Industrial scale production of aligned carbon nanotube/glass composite carpets.
The invention involves a technique to modify the structural features of nanotubes, making them suitable for thermal interface materials for heat sinks, thermal/gas/electrical sensors, high performance brake pads and molecular filters. The Oxford invention uses well established and highly versatile low cost techniques with minimum modifications. It permits in-situ chemical functionalisation to tailor speciality nanocomposite materials for future technological applications. The resultant ceramic composite material is a strong uniform carpet able to transfer heat efficiently and rapidly via the aligned carbon nanotube (CNT) embedded in its structure.
The production of aligned, multi-walled CNT/ceramic composite carpets using sol-gel processing involves:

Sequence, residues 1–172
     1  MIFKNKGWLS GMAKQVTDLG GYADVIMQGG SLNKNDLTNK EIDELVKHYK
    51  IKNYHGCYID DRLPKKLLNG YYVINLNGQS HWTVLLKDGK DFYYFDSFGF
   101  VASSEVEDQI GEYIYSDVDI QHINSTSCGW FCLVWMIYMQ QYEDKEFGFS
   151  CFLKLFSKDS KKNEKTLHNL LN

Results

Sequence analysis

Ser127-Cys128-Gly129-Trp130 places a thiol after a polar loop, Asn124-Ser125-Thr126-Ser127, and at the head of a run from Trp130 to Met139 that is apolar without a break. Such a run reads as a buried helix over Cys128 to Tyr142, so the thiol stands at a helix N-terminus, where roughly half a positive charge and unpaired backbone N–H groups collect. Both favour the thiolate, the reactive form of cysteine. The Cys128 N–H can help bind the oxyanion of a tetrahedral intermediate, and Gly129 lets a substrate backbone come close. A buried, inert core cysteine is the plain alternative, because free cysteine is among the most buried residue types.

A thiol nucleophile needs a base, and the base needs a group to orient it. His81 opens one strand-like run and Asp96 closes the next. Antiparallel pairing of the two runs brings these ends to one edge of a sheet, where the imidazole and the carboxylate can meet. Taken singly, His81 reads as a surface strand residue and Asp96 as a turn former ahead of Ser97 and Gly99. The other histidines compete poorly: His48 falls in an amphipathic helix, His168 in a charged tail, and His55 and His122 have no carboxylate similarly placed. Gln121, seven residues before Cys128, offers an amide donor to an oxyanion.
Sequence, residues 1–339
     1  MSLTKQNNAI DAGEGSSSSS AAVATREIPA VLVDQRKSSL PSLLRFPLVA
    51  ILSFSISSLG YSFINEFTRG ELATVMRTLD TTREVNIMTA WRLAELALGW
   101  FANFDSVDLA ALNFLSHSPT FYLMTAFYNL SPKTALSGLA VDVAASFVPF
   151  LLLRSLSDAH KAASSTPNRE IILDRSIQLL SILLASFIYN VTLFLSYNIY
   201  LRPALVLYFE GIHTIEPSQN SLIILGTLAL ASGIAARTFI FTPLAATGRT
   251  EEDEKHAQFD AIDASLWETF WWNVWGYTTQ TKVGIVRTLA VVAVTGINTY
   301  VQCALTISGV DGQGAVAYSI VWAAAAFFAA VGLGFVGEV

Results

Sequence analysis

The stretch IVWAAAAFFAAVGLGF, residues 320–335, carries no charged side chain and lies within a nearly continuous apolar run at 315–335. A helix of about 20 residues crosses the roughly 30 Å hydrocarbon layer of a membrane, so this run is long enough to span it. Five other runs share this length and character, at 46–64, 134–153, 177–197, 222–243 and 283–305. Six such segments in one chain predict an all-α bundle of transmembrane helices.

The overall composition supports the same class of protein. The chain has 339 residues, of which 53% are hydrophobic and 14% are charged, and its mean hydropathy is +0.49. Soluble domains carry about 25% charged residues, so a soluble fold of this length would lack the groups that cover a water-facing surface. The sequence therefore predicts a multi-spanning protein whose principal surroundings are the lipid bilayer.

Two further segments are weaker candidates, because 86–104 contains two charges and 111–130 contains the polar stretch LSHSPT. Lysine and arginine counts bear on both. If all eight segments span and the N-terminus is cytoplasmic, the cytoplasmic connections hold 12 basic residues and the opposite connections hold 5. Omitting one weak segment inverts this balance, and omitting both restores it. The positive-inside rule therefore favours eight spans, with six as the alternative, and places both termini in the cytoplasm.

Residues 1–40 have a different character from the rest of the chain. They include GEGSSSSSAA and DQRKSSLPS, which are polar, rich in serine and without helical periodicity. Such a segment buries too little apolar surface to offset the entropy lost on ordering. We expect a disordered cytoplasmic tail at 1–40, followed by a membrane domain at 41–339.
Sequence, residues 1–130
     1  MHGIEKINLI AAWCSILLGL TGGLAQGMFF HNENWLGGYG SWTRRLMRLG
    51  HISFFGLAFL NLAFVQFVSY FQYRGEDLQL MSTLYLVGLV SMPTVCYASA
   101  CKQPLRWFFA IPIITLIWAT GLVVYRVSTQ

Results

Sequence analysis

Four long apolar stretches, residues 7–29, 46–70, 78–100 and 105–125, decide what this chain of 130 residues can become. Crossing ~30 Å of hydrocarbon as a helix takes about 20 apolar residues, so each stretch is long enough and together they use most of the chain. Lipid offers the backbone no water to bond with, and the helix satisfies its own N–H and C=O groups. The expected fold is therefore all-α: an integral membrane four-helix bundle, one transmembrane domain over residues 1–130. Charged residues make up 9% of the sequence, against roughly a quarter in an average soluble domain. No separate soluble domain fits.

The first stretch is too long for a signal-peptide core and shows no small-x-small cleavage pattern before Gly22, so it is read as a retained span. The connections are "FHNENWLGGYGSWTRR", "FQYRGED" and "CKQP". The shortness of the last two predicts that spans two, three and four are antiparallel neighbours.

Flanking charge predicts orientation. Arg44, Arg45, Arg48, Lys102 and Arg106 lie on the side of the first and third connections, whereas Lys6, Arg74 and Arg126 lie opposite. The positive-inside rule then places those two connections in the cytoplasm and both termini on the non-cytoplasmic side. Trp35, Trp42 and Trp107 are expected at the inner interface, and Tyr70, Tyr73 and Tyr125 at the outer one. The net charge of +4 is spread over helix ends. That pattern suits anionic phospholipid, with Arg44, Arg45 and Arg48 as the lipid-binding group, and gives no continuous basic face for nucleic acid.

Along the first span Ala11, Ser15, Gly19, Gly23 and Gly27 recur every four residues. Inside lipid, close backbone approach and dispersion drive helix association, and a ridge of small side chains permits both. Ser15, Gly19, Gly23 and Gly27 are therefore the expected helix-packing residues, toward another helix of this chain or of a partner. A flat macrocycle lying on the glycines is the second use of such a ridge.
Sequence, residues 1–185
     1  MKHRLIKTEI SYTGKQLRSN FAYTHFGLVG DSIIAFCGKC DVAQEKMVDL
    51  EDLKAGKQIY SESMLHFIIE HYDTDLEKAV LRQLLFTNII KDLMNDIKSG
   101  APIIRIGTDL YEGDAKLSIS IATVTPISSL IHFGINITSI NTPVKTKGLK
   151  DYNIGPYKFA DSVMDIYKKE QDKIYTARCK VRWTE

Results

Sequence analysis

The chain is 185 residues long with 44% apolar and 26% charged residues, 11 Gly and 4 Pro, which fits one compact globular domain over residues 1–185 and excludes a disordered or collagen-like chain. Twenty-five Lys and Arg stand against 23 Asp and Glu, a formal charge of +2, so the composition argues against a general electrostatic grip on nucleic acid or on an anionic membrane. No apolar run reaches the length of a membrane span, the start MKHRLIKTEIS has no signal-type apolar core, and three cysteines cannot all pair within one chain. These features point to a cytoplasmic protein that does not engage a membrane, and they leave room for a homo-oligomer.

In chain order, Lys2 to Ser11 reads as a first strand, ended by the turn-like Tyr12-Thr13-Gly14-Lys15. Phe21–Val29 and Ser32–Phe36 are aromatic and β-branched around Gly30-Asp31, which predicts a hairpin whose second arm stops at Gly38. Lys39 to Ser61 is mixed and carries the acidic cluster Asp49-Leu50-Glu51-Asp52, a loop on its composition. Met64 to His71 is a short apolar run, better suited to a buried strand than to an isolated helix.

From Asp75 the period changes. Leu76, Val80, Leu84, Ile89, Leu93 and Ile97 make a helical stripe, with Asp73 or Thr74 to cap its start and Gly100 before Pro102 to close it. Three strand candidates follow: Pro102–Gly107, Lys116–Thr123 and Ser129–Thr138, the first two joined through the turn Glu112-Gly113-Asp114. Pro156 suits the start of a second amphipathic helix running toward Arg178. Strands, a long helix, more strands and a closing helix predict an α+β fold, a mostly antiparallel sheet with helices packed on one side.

an array of aligned CNT, produced by chemical vapour deposition
filling the interstitial spaces of the CNT with a ceramic matrix material using sol-gel processing and induced wetting of the CNTs
sintering the CNT ceramic matrix material to form the composite material
the alignment of CNTs is confirmed by TEM and SEM
raman spectrum of the sintered composites shows little change in the D/G ratio
all the fibre toughening mechanisms for conventional fibre reinforced ceramics are observed
the thermal diffusivity is measured by a laser flash technique
the 15 W/m K thermal conductivity of the composite is three times higher than the phase change thermal interface materials currently used
Readiness for market
The Oxford invention is the subject of an international patent application with 22 claims.
Know-how is available to support the exploitation of the invention and any subsequently produced IP in collaboration with the chosen industrial partner.
The technology readiness level is rated at TRL 3 with tested, usable-sized sheet carpet thicknesses available.
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